A Gentleman of France by Stanley Weyman

A Gentleman of France
Being the Memoirs of Gaston de Bonne Sieur de Marsac
by Stanley Weyman




First Chapter/First Paragraph/Tuesday Intros is hosted by Bibliophile By The Sea. To play along, share the first paragraph (or a few) from a book you’re reading or thinking about reading soon.

The death of the Prince of Conde, which occurred in the spring of 1588, by depriving me of my only patron, reduced me to such straits that the winter of that year, which saw the King of Navarre come to spend his Christmas at St. Jean d’Angely, saw also the nadir of my fortunes. I did not know at this time–I may confess it to-day without shame–wither to turn for a gold crown or a new scabbard, and neither had nor discerned any hope of employment. The peace lately patched up at Blois between the King of France and the League persuaded many of the Huguenots that their final ruin was at hand; but it could not fill their exhausted treasury or enable them to put fresh troops into the field.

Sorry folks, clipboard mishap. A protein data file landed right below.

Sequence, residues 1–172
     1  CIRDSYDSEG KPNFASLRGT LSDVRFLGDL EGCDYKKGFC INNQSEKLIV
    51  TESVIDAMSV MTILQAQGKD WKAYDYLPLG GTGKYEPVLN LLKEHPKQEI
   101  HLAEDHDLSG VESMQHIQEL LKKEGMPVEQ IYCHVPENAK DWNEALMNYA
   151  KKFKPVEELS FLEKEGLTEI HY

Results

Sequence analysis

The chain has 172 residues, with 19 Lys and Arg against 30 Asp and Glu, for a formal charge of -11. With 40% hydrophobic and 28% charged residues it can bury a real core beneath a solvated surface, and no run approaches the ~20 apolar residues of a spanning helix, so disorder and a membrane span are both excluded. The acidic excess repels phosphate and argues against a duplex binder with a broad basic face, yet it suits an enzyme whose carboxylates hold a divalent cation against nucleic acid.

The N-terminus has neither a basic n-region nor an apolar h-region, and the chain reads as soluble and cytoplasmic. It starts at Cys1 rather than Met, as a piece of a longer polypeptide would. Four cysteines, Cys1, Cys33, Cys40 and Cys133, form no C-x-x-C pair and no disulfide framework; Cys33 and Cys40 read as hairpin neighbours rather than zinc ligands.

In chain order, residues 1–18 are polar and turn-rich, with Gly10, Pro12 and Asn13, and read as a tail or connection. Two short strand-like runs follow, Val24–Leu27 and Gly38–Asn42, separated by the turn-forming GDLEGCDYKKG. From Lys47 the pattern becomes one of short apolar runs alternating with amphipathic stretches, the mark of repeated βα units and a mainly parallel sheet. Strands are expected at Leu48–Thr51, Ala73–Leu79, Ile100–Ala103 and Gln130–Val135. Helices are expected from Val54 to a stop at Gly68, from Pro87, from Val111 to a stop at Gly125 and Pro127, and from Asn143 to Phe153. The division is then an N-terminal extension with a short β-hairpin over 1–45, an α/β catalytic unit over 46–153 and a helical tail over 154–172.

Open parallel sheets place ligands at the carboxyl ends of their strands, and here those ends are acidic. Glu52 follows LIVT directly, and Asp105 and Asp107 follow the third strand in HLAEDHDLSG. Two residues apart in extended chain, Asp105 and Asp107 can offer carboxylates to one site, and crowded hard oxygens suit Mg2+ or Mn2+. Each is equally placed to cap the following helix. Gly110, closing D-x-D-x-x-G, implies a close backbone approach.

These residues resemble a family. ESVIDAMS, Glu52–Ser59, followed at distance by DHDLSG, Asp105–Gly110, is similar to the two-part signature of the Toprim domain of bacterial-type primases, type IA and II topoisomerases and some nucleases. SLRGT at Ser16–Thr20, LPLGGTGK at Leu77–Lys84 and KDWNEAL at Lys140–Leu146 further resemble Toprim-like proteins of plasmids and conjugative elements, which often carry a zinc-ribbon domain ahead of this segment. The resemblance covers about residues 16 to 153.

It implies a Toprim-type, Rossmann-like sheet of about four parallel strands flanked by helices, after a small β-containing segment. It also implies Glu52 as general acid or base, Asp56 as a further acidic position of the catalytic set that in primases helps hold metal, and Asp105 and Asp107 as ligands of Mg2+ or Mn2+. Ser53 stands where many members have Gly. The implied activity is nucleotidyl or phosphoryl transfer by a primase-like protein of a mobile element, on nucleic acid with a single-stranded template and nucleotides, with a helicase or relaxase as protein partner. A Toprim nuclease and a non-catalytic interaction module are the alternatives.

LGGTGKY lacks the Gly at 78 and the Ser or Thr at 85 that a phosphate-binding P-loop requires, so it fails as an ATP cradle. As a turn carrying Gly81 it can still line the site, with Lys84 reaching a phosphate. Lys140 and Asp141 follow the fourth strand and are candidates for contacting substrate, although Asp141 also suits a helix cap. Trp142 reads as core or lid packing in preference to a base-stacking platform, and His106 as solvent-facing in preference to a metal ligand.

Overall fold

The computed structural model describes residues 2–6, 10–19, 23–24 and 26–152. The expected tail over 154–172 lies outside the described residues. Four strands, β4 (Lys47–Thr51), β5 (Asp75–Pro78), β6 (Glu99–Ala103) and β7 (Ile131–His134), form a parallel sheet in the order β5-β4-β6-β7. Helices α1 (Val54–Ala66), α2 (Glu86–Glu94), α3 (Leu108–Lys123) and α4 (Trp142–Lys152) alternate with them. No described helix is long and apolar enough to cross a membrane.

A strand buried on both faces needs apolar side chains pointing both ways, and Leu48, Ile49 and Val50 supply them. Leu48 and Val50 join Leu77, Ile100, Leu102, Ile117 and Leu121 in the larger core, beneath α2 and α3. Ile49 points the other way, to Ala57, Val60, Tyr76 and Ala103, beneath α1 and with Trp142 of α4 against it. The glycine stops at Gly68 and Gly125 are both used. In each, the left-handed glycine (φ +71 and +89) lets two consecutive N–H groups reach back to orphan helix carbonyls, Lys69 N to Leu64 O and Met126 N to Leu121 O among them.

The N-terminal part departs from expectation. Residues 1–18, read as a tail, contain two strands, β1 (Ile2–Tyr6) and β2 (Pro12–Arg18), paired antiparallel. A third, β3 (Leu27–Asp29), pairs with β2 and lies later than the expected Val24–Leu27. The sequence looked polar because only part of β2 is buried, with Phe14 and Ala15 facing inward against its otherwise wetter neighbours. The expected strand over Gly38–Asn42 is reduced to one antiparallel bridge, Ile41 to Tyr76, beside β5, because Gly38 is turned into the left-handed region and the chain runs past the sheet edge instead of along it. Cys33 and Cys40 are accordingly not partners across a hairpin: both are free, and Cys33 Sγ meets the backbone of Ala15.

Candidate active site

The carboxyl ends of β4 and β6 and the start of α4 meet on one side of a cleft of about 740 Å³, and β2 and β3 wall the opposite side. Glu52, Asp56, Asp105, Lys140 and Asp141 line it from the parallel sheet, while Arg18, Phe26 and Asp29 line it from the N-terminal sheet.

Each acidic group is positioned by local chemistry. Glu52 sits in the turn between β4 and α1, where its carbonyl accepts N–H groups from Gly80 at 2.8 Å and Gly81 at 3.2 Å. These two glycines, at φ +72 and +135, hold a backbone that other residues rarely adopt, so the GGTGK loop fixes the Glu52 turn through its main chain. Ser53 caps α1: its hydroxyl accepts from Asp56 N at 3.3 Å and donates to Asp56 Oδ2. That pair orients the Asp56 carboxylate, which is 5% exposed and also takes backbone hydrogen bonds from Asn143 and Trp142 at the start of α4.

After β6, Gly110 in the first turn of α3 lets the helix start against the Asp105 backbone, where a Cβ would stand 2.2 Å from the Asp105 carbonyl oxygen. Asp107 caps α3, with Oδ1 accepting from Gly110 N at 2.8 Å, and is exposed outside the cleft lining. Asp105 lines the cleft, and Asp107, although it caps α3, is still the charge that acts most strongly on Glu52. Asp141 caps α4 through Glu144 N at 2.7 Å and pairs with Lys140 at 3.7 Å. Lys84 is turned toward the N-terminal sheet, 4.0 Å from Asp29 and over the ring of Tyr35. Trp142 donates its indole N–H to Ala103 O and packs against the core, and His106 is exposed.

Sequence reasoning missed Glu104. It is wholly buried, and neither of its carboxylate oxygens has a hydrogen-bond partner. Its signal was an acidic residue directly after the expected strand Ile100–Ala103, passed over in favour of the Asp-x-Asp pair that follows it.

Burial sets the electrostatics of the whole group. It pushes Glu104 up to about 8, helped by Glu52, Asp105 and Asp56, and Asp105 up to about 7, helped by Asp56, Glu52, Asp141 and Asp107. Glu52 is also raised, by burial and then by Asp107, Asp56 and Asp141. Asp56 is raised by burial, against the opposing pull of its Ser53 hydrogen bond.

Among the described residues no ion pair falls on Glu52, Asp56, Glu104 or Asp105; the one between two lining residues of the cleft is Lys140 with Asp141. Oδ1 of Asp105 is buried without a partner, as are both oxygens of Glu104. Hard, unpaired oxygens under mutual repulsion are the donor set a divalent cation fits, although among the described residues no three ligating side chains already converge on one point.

Teaser Tuesdays is a weekly bookish meme hosted by Jenn of A Daily Rhythm. Anyone can participate. If you’re new to Teaser Tuesdays, the details are at Jenn’s A Daily Rhythm or on my Tuesday Memes Page.

I think, as we sat our horses in the rain, the holly-bush not being large enough to shelter us all, we were as sorry a band as ever set out to rescue a lady; nor was it without pain that I looked round and saw myself reduced to command such people. There was scarcely one whole unpatched garment among us, and three of my squires had but a spur apiece.


From the Stanley J. Weyman site:

Admired by renowned authors such as Stevenson, Wilde, and Rafael Sabatini, Stanley John Weyman is today a forgotten literary giant of the late 19th century. While for years his best-selling historical romances enchanted thousands of readers, today his books are mostly neglected.